1. Khodorkovsky applies for a pardon. The authorities treat that as an admission of guilt (as they are entitled to do) and can cite that fact in any future Yukos connected proceedings such as those which are pending in the ECHR over Khodorkovsky’s second conviction; and

    2. The authorities drop the third Yukos case.

    Given that Putin says that the third Yukos case is problematic and given the massive political embarrassment for Russia of proceeding with it, it looks like (from Russia’s point of view) a good bargain.

    Turning now to some of the other points you make. First of all (expanding on a point I did not make very well in my interview for RT), there is no punishment severe enough given what Khodorkovksy has done. I can understand why many people feel angry about his release. However in these situations the head must rule the heart. Given that Khodorkovsky was due to be released in 8 months anyway far better to extract from him a request for a pardon – treating that as the implicit admission of guilt that it arguably is – then go through the political and legal nightmare of prosecuting the third Yukos case – especially if that case is as problematic as Putin says – or of simply keeping him in prison for a further 8 months without extracting from him the request for the pardon with the implicit admission of guilt that it arguably is allowing to go on protesting his total innocence once released from prison without having anything that might contradict that. Bear in mind that as I have said the fact that Khodorkovsky has applied for a pardon has legal significance in future proceedings in the ECHR and elsewhere and the logic of the course which has been followed becomes clear.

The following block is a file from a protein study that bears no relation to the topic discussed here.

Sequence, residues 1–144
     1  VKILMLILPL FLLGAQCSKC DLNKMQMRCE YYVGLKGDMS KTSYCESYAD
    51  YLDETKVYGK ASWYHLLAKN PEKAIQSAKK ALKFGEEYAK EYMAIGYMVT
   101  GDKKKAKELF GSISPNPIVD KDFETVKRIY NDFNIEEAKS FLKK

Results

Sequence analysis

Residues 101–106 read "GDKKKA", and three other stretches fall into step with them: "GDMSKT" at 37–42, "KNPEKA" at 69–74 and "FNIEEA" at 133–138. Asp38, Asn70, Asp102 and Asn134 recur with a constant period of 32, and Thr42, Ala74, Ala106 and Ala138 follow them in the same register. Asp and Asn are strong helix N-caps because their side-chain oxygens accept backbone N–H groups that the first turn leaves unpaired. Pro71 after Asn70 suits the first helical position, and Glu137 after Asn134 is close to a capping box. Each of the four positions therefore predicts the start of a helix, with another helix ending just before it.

For the rest, I am afraid all sorts of terrible people get pardoned especially in the US, the case of Marc Rich being just one example.


    Finally, and at the risk of a bit of self advertising, here is my interview today with RT during which I discuss some of the same points,


    • To understand the implications of what has happened see the very different response of Khodorkovsky’s associate and co defendant Platon Lebedev and his lawyers who continue to insist that they will NOT apply for a pardon precisely Lebedev continues to seek his total exoneration and he realises that seeking a pardon is contrary to that.


    • Thanks for the comment Alexander.

      I think it might ultimately be a case of assigning different weights to different outcomes. I just think in terms of PR it was in net terms a negative decision.

      Do you know how the second YUKOS case is progressing in the ECHR?

      And, considering that even Britain is making noises about leaving, is it even in Russia’s interests to remain in it?

      • Dear Anatoly,

        I understand entirely the point you make about PR. In fact I agree with it. Perhaps it was not worth the (understandable) upset this decision has caused to wring a request for a pardon out of Khodorkovsky. Perhaps it would have been better to simply release him in 8 months time and go on fighting the cases without having extracted the request for a pardon from him. There is a balance of political and legal decisions to be made and I am not absolutely sure that the right one was made though I suspect it was. One thing I do think is that it would have been a far bigger disaster in PR terms to press on with Yukos 3 especially if that case is as problematic as Putin says it is.

        To answer your two questions, I understand that the Judgment in Khodorkovsky 2 in the ECHR is still years away. Of course after what has just happened it is possible the case may be dropped completely. We shall see.

        Whether it is a good idea for Russia to be part of the ECHR is a huge subject. Overall I would personally say yes – but then I would wouldn’t I?. Seriously I think precisely because the Russian legal system has problems of both application and presentation it makes sense for the moment for Russia to have a (relatively) impartial court that can act as an outside arbiter and external check. In saying this I should however say that the Russian Constitutional Court has made it clear in a recent decision that it and not the ECHR is the ultimate authority in Russia on all constitutional questions.

        Having said this, t is also fair to say that Russia’s inclusion in the ECHR system is very much a legacy of its period of “Euro euphoria” of the 1990s, which is long since past. Perhaps in time Russia will grow out of the ECHR or will conclude that since it is not part of “Europe” and no longer wants to be its membership of the ECHR is an anomaly. A big discussion for another time.